Datacom 0.1 to 20 km  Low to Moderate 850/1310 nm Low Wide <10-12
Broadcast 0.1 to 20 km Low to Moderate 850/1310/1550 nm Low Wide <10-12
             
Table 5 - Comparison of Telecom, Datacom and Broadcast Requirements
  Distance Optical Loss Wavelength Allowable Jitter Data Rate Range BER
Telecom to 100 km High 1310/1550 nm High Narrow < 10-9
Datacom 0.1 to 20 km  Low to Moderate 850/1310 nm Low Wide <10-12
Broadcast 0.1 to 20 km Low to Moderate 850/1310/1550 nm Low Wide <10-12
             

Wavelengths and Optics for Digitized Video

Like many fiber optic applications, the most popular transmission wavelengths and laser types include 1310 nm and 1550 nm. Because of the high modal noise associated with 780-850 nm, lasers have difficulty achieving reliable bit error rates of 10-12 to 10-15. Links using 1310 nm or 1550 nm Fabry-Perot lasers can meet all broadcast industry requirements at very attractive prices. In addition, they can handle all projected broadcast industry serial data rates on multimode fiber up to distances of 700 meters and on single-mode fiber up to 60 km. With standards still emerging for digitized video, users must consider versatile fiber optic links. For more information on optic fiber please see Types of Optical Fiber. Light-emitting diodes (LEDs) may transmit serial data rates up to 270 Mb/s, and a few laboratory demonstrations suggest the capability of operating at speeds to 500 Mb/s or even 1 Gb/s. However, the transmitter sources must be hand "tweaked," prohibiting them from reaching volume production. In addition, the wider spectral width of LEDs greatly reduces fiber's overall bandwidth. For more information on LEDs please see Light-emitting Diodes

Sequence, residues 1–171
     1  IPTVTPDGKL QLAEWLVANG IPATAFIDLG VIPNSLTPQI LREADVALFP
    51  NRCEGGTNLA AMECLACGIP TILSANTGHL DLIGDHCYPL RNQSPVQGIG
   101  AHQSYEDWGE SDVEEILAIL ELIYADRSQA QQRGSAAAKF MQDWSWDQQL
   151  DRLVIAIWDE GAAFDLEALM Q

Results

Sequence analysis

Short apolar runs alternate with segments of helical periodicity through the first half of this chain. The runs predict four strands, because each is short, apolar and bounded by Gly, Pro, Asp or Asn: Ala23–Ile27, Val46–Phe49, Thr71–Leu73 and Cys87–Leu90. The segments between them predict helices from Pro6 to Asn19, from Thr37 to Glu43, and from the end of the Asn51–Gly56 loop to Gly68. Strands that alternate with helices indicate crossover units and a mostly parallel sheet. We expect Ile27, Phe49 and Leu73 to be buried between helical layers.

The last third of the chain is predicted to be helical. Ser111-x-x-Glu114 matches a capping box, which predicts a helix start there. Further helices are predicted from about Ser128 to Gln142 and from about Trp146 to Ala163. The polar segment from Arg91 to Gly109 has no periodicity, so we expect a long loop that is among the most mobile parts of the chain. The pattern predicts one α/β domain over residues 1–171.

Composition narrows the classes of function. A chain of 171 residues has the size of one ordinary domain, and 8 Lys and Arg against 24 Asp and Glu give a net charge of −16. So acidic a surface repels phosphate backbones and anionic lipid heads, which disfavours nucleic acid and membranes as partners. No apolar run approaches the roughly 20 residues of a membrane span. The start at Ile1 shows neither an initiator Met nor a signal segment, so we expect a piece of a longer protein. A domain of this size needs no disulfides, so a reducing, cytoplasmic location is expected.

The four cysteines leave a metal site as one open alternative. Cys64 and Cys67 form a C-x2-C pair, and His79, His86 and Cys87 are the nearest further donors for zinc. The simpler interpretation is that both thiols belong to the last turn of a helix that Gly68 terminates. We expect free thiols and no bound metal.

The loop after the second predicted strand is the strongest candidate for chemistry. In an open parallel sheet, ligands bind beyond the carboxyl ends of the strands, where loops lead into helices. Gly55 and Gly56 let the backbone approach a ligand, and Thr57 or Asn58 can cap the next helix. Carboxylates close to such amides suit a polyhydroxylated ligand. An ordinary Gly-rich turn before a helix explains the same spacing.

Digitized Video Transmission Performance

The broadcast industry will not fully switch to fiber optics until copper fails to do the job. Complete deployment of digitized video will be copper's death knell. As mentioned, copper coax systems transmit standard video signals up to thousands of meters, but they only transmit a few hundred meters at digitized NTSC rates and only tens of meters at digitized HDTV rates. Broadcast studios may not locate video processing equipment within that working distance, requiring optical fiber. Figure 3 shows the typical eye diagram associated with copper-based serial digital transmission over 100 meters and at a data rate of 270 Mb/s, digitized 4:2:2. Figure 4 clearly shows the advantage of fiber optics in an eye diagram associated with fiber optic serial digital transmission over 11,121 meters at a data rate of 531 Mb/s, about twice that of digitized 4:2:2.
Figure 3 - Eye Pattern for 100 m Over Copper Coax at 270 Mb/s

 Figure 3 - Eye Pattern for 100 m Over Copper Coax at 270 Mb/s
Figure 4 - Eye Pattern for 11,121 m Over SM Fiber at 531 Mb/s

Figure 4  - Eye Pattern for 11,121 m Over SM Fiber at 531 Mb/s
The eye diagram associated with the copper coax resembles that of an unequalized cable. Using cable equalization would reduce this distortion, which results from different amounts of attenuation used for different frequency components in the waveform, as well as the different delays associated with these frequency components. This distortion results in intersymbol interference. In other words, the data bits will overlap and smear together. Fiber optics possesses bandwidth hundreds or thousands of times larger than copper coax cable, greatly reducing the problem. Properly designed fiber optic links require no equalization. This reduces setup time and the skill required to establish a working link. In other words, it may actually be easier to install a fiber optic link than a serial copper coax link.